When communicating an anticipated SLA breach, strive to be as open and transparent as possible. Inform the customer of the circumstances that led to the situation, then share how your team plans to handle the concern. Most importantly, you should apologize for failing to fulfill your end of the agreement, and provide updates as you go forward.

2. Review your reminders and escalations configuration

One key strategy is to leverage automations so that every SLA breach is handled as quickly and efficiently as possible. Make sure that any reminders reach the relevant staff with the capability to take action. These should be set up to be sent early so that they are addressed in a timely manner.

You should also revisit your escalation paths to ensure that the right people are involved, and update the management chain for every breach that occurs.

As one example, you might use CRM to implement a color coding system. You can assign the color red for instances of breached SLAs, amber to signal that your team only has an X amount of time before a breach happens, and green to signal to your agents that you still have a lot of time before an SLA is breached.

color coding system on workbooks

Workbooks make it easier for your team to keep track of any breach cases with a simple dashboard that tells you whether you have met your SLAs. Book a demo with a member of the team and we’ll walk you through some of the key ways that CRM can help you keep your services on track.

3. Adapt your processes to ensure it doesn’t happen again

If you’re detecting consistent SLA breaches, then you’ll need to closely inspect what could be causing this.

As one of the most commonly cited causes of SLA breaches, you should assess whether your team is overwhelmed with work. If this is the case, then it might be worth your while to start automating repetitive tasks to ease their workload.

You should also search for any internal bottlenecks that might be contributing to the breaches. If you spot any, review your system to find ways to minimize friction and improve your customer experience.

Workbooks can help your finance, sales and marketing teams to automate repetitive tasks and divert their attention to higher-priority strategic efforts. Learn more about our services and training courses for effective CRM implementation here.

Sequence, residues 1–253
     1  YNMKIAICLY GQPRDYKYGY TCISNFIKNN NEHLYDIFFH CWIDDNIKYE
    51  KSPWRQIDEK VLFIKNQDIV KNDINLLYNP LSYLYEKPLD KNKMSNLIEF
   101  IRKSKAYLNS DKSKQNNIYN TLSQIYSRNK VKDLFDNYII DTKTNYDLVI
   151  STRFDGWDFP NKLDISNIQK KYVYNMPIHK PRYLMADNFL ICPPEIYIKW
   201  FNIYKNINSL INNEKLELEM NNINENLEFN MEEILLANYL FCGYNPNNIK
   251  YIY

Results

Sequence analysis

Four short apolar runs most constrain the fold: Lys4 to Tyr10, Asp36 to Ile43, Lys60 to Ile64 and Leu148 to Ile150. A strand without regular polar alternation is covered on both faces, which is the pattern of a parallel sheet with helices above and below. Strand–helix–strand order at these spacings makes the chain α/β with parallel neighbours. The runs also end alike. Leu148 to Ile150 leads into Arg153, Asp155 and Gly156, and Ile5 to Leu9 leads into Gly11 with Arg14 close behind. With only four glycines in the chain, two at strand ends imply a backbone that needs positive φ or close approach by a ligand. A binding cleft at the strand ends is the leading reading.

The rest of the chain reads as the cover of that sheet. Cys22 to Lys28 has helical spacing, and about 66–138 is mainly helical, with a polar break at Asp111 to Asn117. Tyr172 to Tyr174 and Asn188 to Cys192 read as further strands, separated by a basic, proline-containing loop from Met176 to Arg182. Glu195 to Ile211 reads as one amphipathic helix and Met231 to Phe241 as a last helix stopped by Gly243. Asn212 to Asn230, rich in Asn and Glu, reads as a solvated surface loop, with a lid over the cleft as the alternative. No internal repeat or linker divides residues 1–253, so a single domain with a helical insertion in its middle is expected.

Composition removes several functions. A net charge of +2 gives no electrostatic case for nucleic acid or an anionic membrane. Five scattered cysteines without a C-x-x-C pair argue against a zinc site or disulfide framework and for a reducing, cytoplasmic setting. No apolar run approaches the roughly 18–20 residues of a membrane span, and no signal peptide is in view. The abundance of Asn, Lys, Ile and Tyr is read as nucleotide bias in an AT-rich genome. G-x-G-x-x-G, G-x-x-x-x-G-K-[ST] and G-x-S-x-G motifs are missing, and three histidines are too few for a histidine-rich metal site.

Manage SLA breaches with Workbooks

CRM is widely recognized as one of the most crucial tools in customer service. In the modern age, an increasing number of companies are searching for ways to exceed customer expectations and provide a memorable, best-in-class experience — and SLAs are critical to this.

Plus, organizations want more visibility over what is going on across their business, particularly in customer support. CRM offers an automated system that can uncover what triggers a breach of SLAs, who breaches SLAs, and which process consistently delivers the best results.

The insights these platforms provide can be transformative when leveraged by both your customer service agents and management team in decision making.

But keep in mind that CRM is not purely a customer support tool. It also connects your marketing, sales and finance teams, providing one destination for knowledge sharing, streamlining operations, and propelling new business growth.

To keep ahead of your competition, utilize CRM software that will power superior customer service across all areas of your business. In particular, the Workbooks platform can provide higher responsiveness and greater efficiency as a CRM specializing in implementation for professional services businesses.

Get in touch with a member of the team to discuss your needs today, and you could be offering your customers better customer service tomorrow.